South Korean ferry Sewol which sank in April 2014 with the loss of 304 lives, was part-raised on Wednesday-night/Thursday, a couple of weeks earlier than it had previously been announced the raising would take place.
Salvagers started to bring up the vessel, which has been lying on its side at a depth of 44 metres late Wednesday evening and worked through the night, presumably wanting to avoid excess media coverage of the event.
A Chinese salvage company has fitted 33 beams beneath the hull; 66 hydraulic jacks are slowly raising the ship. The salvage is costing about KRW85bn ($75m).
“The work needs to be done very cautiously,” said Lee Cheol-jo of the Ministry of Ocean and Fisheries. He said the ferry would be raised as high as 13 metres above the sea and then moved onto a semi-submersible. That operation was expected to conclude Friday, after which Sewol would be taken to a nearby port to be fully inspected and explored. Officials hope to find the final nine missing bodies.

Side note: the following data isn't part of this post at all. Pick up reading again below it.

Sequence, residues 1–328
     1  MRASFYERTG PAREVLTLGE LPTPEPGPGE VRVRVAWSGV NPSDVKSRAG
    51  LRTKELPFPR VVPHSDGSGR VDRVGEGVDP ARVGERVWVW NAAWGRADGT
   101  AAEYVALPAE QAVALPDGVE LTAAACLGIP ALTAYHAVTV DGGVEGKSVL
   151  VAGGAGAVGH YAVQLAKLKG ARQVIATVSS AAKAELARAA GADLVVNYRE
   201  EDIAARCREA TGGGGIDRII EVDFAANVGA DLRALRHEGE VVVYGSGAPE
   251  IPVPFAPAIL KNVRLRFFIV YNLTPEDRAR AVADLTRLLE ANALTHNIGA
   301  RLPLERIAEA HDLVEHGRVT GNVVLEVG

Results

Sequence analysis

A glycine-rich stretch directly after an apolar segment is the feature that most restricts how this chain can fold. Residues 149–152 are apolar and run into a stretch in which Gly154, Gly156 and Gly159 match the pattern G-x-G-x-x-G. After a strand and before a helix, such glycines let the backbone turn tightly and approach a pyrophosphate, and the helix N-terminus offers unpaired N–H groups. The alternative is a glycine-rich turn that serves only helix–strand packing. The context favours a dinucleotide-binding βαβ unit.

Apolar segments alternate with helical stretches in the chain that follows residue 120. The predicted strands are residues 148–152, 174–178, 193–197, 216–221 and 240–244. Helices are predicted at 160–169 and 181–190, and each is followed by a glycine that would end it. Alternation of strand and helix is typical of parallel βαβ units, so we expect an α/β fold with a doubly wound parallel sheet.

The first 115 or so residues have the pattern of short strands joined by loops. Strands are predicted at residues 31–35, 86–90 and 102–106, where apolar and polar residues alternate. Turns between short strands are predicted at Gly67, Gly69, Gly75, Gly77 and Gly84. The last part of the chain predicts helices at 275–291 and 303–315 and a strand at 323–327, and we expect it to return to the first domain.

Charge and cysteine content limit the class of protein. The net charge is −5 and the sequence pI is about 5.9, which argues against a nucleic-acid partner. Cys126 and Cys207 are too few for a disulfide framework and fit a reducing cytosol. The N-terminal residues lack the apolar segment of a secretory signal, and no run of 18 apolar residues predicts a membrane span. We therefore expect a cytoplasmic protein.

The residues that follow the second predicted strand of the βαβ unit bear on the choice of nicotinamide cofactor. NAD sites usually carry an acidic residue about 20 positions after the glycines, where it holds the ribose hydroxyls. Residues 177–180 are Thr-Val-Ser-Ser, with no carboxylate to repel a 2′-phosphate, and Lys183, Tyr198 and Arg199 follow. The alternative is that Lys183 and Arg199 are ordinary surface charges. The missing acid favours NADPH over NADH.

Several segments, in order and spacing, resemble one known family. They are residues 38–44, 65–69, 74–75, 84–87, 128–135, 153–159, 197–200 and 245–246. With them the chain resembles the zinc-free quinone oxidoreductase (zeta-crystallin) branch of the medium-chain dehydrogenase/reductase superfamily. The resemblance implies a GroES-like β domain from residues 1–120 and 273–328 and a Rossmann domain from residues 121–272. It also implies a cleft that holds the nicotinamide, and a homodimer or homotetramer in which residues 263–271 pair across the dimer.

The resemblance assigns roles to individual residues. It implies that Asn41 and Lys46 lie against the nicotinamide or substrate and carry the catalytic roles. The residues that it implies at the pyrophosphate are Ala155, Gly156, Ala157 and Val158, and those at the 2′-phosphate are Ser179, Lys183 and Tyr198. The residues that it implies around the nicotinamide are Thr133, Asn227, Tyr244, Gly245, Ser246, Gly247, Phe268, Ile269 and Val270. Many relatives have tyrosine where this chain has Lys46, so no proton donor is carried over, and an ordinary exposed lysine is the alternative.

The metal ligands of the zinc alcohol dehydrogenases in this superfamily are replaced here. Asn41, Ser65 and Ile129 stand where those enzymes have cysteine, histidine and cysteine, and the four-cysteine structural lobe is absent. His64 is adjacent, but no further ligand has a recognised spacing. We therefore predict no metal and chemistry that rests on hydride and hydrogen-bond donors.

The sinking of Sewol remains politically controversial and a major emotional scar in South Korea, with the vast majority of the dead being young students from the same high school. They had been instructed to remain in their cabins even as many crewmembers were escaping the ship.
The captain of the ferry was found guilty of homicide in 2015 and jailed for life. More than a dozen other crew members got shorter sentences.